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Patient-controlled Sedation During Flexible Bronchoscopy: A Randomized Controlled Trial
Linköping University, Department of Clinical and Experimental Medicine, Division of Surgery, Orthopedics and Oncology. Linköping University, Faculty of Medicine and Health Sciences. Region Östergötland, Anaesthetics, Operations and Specialty Surgery Center, Department of Anaesthesiology and Intensive Care in Linköping (ANOPIVA).ORCID iD: 0000-0001-6766-4096
Linköping University, Department of Medical and Health Sciences, Division of Nursing Science. Linköping University, Faculty of Medicine and Health Sciences. Region Östergötland, Anaesthetics, Operations and Specialty Surgery Center, Department of Anaesthesiology and Intensive Care in Linköping (ANOPIVA).
Linköping University, Department of Clinical and Experimental Medicine, Division of Surgery, Orthopedics and Oncology. Linköping University, Faculty of Medicine and Health Sciences. Region Östergötland, Anaesthetics, Operations and Specialty Surgery Center, Department of Hand and Plastic Surgery.ORCID iD: 0000-0002-5903-2918
Linköping University, Department of Medical and Health Sciences, Division of Drug Research. Linköping University, Faculty of Medicine and Health Sciences. Region Östergötland, Anaesthetics, Operations and Specialty Surgery Center, Department of Anaesthesiology and Intensive Care in Linköping (ANOPIVA).ORCID iD: 0000-0002-7489-9077
2019 (English)In: Journal of Bronchology & Interventional Pulmonology, ISSN 1944-6586, E-ISSN 1948-8270Article in journal (Refereed) Epub ahead of print
Abstract [en]

Background: Patient-controlled sedation (PCS) is a documented method for endoscopic procedures considered to facilitate early recovery. Limited data have been reported, however, on its use during flexible bronchoscopy (FB).

Materials and Methods: This study hypothesized that PCS with propofol during FB would facilitate early recovery, with similar bronchoscopist and patient satisfaction compared with nurse-controlled sedation (NCS) with midazolam. A total of 150 patients were randomized 1:1:1 into a control group (premedication with morphine-scopolamine and NCS with midazolam), PCS-MS group (premedication with morphine-scopolamine and PCS with propofol), and PCS-G group (premedication with glycopyrronium and PCS with propofol).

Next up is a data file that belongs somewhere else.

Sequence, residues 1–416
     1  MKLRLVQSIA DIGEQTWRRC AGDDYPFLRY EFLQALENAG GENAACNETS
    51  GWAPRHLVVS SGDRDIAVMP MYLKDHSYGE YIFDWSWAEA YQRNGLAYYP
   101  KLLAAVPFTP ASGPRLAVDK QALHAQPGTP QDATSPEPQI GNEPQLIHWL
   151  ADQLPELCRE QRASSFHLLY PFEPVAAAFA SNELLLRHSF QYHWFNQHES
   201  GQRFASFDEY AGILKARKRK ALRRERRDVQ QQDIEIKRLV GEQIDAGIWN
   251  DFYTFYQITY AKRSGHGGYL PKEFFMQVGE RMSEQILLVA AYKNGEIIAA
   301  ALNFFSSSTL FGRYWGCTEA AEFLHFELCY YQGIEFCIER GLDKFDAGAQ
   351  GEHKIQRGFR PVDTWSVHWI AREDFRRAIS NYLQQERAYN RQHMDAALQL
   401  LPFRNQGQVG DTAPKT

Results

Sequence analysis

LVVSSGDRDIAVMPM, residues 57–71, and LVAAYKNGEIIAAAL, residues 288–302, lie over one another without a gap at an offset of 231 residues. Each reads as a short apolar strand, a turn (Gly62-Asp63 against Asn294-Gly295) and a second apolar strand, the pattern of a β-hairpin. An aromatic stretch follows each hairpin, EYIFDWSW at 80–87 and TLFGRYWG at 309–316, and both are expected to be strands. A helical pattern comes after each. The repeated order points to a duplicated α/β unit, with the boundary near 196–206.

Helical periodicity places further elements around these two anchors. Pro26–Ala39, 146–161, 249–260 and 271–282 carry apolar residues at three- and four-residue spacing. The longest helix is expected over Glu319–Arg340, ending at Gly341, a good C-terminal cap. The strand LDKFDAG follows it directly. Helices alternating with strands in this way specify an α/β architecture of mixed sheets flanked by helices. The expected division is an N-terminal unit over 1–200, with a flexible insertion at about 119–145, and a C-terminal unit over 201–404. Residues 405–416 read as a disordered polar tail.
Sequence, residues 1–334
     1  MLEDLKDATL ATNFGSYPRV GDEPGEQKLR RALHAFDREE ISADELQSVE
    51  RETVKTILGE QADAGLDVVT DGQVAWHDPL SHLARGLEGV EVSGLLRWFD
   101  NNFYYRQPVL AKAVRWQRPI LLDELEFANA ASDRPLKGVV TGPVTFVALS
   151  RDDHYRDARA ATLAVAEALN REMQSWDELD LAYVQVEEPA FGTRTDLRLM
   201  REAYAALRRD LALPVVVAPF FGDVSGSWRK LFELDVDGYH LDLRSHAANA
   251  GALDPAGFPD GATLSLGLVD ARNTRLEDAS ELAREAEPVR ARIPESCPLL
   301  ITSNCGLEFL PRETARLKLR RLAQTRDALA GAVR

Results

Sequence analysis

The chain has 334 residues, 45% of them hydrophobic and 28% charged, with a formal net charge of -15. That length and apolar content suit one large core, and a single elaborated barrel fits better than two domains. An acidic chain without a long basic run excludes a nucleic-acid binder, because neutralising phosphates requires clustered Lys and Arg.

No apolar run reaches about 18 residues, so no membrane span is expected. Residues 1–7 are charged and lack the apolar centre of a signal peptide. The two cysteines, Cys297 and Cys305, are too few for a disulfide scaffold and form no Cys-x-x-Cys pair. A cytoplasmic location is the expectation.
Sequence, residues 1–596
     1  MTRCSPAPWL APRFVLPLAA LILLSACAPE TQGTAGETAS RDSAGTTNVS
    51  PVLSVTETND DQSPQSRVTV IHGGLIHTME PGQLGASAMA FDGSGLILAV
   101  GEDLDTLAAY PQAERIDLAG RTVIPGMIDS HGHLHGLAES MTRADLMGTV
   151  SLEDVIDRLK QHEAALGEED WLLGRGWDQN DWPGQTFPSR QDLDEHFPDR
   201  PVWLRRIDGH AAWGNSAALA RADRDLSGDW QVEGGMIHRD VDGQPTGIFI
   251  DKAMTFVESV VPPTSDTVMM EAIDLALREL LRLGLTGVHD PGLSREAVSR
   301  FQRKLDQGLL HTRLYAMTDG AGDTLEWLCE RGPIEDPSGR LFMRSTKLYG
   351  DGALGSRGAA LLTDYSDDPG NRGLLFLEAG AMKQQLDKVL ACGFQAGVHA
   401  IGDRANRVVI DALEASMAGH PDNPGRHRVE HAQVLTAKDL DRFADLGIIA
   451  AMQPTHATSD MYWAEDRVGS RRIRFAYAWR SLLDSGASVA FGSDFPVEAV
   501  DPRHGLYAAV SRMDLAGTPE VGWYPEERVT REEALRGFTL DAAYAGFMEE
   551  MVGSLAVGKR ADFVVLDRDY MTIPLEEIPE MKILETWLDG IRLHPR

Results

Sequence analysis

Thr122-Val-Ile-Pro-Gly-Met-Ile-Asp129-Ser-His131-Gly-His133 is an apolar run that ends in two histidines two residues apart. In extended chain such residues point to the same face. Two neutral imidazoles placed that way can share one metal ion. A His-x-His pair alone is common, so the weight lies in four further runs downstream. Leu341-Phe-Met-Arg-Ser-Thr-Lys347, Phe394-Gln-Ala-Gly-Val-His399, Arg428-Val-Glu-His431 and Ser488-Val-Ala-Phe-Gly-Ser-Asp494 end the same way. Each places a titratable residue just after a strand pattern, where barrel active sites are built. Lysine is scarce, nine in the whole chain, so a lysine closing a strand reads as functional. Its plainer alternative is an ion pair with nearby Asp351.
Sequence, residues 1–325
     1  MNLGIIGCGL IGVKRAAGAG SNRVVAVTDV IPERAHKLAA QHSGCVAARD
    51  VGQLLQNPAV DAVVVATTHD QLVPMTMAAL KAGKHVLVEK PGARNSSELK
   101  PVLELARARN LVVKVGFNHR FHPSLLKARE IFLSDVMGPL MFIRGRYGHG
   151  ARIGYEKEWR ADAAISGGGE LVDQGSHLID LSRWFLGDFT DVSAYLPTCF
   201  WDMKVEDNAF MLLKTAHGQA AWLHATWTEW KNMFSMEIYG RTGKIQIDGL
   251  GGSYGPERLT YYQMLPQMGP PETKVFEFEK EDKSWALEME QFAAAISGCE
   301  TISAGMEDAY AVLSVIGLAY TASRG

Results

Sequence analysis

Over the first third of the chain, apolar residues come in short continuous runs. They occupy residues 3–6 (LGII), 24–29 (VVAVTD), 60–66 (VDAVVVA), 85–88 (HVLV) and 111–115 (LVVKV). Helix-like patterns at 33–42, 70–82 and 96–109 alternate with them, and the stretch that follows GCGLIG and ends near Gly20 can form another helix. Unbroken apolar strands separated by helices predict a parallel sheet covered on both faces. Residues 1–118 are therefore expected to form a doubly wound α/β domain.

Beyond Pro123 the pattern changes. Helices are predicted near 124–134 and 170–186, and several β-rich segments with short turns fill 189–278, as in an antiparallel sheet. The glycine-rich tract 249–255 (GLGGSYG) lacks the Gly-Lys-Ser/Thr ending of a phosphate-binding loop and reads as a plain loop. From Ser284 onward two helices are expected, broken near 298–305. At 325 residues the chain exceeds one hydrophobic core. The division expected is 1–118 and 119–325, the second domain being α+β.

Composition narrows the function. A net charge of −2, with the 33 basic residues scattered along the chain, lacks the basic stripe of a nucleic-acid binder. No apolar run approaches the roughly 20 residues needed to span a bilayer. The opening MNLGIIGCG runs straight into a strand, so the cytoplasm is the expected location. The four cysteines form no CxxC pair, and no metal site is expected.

Results: The procedures included transbronchial biopsy, transbronchial needle aspiration, cryotherapy/biopsy, and/or multistation endobronchial ultrasound. FB duration values in median (range) were 40 (10 to 80), 39 (12 to 68), and 44 (10 to 82) minutes for the groups NCS, PCS-MS, and PCS-G, respectively. An overall 81% of the patients in the combined PCS groups were ready for discharge (modified Post Anaesthetic Discharge Scoring System, score 10) 2 hours after bronchoscopy compared with 40% in the control group (P<0.0001). Between PCS groups, 96% of the PCS-G group patients were ready for discharge compared with 65% in the PCS-MS group (P=0.0002) at 2 hours. Bronchoscopists’ and patients’ satisfaction scores were high in all groups. Postdischarge quality scores showed no differences among the groups.

Conclusion: PCS with propofol during FB is feasible, as it shortened recovery time without compromising procedure conditions for bronchoscopists or patients. A rapid postsedation stabilization of vital signs facilitates surveillance before the patient leaves the hospital.

Place, publisher, year, edition, pages
Lippincott Williams & Wilkins, 2019.
Keywords [en]
analgesia, patient-controlled, conscious sedation, anesthesia, intravenous, bronchoscopy, propofol
National Category
Health Care Service and Management, Health Policy and Services and Health Economy
Identifiers
URN: urn:nbn:se:liu:diva-161081DOI: 10.1097/LBR.0000000000000610PubMedID: 31478938Scopus ID: 2-s2.0-85072015123OAI: oai:DiVA.org:liu-161081DiVA, id: diva2:1362714